Rush Creek wind project schedule affected by transmission line

A major new wind project planned in Lincoln County, Colorado could be delayed somewhat to ease coordination with the needed transmission infrastructure, officials with Xcel Energy (NYSE:XEL) said Aug. 3, during a quarterly earnings call with financial analysts.

Xcel Energy expects a Colorado Public Utilities Commission decision on the 600-MW Rush Creek wind project in November.

The company has sought Certificates of Public Convenience and Necessity (CPCN) for the Rush Creek I and II wind generation facilities, and also to construct and operate a 345-kV generation intertie.

Nearly 90 miles of transmission line will connect and carry the wind power output from the turbines to our substation near Deer Trail in Arapahoe County, Xcel Energy has said.

The commission recently received testimony on Rush Creek, which received strong support from PUC staff, Xcel Energy officials said during the conference call.

The Colorado staff recommended approval of Rush Creek subject to certain conditions including a capital cost cap, a shortened depreciation life, and changes to the timing of the in-service date to coincide with the Pawnee-Daniels transmission line.

In an April filing, Xcel Energy had targeted substantial completion of construction of the wind power project by Oct. 31, 2018.

The initial planned in-service date for the 345-kV Pawnee-Daniels Park Project was placed at 2022. However, the company is asking the Colorado PUC to accelerate the schedule in order to place the transmission project in-service by Oct. 31, 2019.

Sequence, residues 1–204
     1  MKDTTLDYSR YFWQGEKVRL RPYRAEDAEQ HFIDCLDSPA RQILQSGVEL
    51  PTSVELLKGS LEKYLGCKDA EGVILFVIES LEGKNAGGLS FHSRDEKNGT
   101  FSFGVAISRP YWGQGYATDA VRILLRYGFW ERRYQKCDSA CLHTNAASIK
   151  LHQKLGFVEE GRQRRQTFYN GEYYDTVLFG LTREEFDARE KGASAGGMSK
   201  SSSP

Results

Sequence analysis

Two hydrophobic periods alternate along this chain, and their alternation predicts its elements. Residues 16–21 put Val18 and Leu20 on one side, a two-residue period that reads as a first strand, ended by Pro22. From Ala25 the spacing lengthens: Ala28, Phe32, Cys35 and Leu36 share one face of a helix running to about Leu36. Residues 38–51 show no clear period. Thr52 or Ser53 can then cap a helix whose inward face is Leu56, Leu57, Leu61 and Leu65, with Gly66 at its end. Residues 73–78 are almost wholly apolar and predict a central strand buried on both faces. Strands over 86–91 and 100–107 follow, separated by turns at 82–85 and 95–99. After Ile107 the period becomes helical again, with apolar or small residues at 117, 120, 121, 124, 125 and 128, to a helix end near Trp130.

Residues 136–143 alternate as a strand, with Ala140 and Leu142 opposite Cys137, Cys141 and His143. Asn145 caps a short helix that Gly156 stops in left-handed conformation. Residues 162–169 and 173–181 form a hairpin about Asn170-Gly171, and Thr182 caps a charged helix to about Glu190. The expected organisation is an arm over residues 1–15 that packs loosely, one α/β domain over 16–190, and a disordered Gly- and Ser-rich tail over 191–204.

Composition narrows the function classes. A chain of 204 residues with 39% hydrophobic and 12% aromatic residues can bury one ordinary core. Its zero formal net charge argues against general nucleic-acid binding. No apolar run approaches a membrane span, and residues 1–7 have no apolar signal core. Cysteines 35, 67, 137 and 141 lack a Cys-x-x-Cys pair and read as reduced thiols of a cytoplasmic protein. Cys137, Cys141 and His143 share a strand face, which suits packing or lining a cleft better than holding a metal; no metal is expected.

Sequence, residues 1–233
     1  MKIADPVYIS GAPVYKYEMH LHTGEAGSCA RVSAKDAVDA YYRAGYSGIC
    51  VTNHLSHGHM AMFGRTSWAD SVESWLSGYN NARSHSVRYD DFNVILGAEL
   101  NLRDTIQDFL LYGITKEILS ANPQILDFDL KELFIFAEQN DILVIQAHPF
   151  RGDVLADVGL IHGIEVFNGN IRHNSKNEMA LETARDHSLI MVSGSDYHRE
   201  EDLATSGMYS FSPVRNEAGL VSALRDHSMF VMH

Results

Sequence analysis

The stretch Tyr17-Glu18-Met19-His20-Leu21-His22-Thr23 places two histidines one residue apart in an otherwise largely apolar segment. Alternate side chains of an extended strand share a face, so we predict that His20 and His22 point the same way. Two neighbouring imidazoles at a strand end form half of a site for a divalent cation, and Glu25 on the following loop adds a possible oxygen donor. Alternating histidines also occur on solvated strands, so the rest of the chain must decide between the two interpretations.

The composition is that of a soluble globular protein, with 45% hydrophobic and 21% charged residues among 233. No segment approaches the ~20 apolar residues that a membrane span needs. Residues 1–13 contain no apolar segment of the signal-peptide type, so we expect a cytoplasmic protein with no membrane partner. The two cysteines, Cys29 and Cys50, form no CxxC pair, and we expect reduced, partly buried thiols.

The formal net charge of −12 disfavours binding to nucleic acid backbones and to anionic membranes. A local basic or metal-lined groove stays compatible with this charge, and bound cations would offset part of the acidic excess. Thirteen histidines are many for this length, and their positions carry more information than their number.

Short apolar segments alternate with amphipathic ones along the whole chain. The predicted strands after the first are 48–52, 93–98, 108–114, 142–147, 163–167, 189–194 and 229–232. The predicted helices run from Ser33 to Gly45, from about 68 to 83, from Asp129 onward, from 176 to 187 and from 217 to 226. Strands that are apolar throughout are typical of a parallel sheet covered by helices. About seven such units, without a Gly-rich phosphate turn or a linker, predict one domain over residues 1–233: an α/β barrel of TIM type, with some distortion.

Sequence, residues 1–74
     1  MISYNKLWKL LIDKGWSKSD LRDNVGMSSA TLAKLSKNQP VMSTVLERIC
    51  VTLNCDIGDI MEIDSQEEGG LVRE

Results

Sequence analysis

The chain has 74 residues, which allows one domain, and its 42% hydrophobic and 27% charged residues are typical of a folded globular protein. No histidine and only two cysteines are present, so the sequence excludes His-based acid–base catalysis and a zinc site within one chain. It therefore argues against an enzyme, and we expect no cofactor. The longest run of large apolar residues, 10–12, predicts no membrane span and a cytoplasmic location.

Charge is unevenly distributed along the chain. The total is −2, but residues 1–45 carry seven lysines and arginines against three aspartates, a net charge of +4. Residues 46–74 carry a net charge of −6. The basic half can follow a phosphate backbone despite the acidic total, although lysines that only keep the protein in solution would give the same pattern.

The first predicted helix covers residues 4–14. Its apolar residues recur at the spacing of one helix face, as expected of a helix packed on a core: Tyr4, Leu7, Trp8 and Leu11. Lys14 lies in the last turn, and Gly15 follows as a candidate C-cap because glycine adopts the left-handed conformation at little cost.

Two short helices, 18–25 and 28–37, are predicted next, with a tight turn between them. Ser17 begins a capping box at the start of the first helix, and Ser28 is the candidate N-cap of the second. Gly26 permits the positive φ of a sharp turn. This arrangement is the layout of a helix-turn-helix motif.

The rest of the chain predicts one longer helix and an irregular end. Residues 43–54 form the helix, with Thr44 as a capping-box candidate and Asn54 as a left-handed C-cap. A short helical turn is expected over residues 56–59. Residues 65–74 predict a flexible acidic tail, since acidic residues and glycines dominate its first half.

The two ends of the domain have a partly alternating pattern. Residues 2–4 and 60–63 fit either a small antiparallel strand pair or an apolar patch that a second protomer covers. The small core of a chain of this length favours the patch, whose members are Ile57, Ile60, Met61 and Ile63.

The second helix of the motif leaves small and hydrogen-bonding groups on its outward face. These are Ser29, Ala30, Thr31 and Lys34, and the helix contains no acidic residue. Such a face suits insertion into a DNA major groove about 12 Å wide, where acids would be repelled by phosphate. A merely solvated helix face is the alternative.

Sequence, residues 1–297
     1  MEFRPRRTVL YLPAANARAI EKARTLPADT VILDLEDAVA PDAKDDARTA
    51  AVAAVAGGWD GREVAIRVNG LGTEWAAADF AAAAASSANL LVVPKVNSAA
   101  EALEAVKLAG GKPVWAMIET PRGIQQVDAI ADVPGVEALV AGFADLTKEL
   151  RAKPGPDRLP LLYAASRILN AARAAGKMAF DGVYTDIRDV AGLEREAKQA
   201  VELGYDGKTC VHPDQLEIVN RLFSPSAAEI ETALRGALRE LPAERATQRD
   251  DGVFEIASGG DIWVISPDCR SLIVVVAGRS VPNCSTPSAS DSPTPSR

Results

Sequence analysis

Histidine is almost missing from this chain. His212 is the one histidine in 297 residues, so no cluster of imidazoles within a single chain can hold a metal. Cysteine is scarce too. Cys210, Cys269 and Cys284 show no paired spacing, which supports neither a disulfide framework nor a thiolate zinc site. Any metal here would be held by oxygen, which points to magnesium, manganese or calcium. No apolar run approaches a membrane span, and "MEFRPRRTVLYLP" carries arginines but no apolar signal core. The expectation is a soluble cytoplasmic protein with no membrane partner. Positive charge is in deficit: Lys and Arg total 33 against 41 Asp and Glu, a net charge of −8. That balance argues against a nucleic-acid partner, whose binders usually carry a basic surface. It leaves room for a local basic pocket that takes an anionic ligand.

The proposed Pawnee-Daniels Park transmission line project consists of a new double-circuit 345 kilovolt (kV) transmission line between Xcel Energy’s Pawnee Substation near Brush, Colo., and the Daniels Park Substation south of the Denver metro-area. The project area includes Arapahoe and Douglas Counties, City of Aurora and Town of Parker. The estimated length is 125 miles and the estimated cost is $178m, according to Xcel Energy. The certificate of need was approved in spring 2015.

“If all of those [PUC staff] recommendations were adopted by the Commission, I do think it would change some of the timing of the [Rush Creek] project, but that would be it,” Fowke said of Rush Creek “synching up more” with operation of the transmission line.

Out of nine parties that filed comments only one, the Sustainable Power Group recommended the application should be denied, Xcel Energy Chairman, President and CEO Benjamin Fowke said in a transcript of the conference call provided by Seeking Alpha.

Sustainable Power Group has questioned the cost assumptions that Xcel’s Public Service of Colorado has filed in connection with the Rush Creek wind project.

The wind power project is primarily displacing fossil fuels on the Xcel Energy grid in Colorado, the CEO said.

A link to the transcript from Seeking Alpha can be found here:

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Wayne Barber, Chief Analyst for the GenerationHub, has been covering power generation, energy and natural resources issues at national publications for more than 20 years. Prior to joining PennWell he was editor of Generation Markets Week at SNL Financial for nine years. He has also worked as a business journalist at both McGraw-Hill and Financial Times Energy. Wayne also worked as a newspaper reporter for several years. During his career has visited nuclear reactors and coal mines as well as coal and natural gas power plants. Wayne can be reached at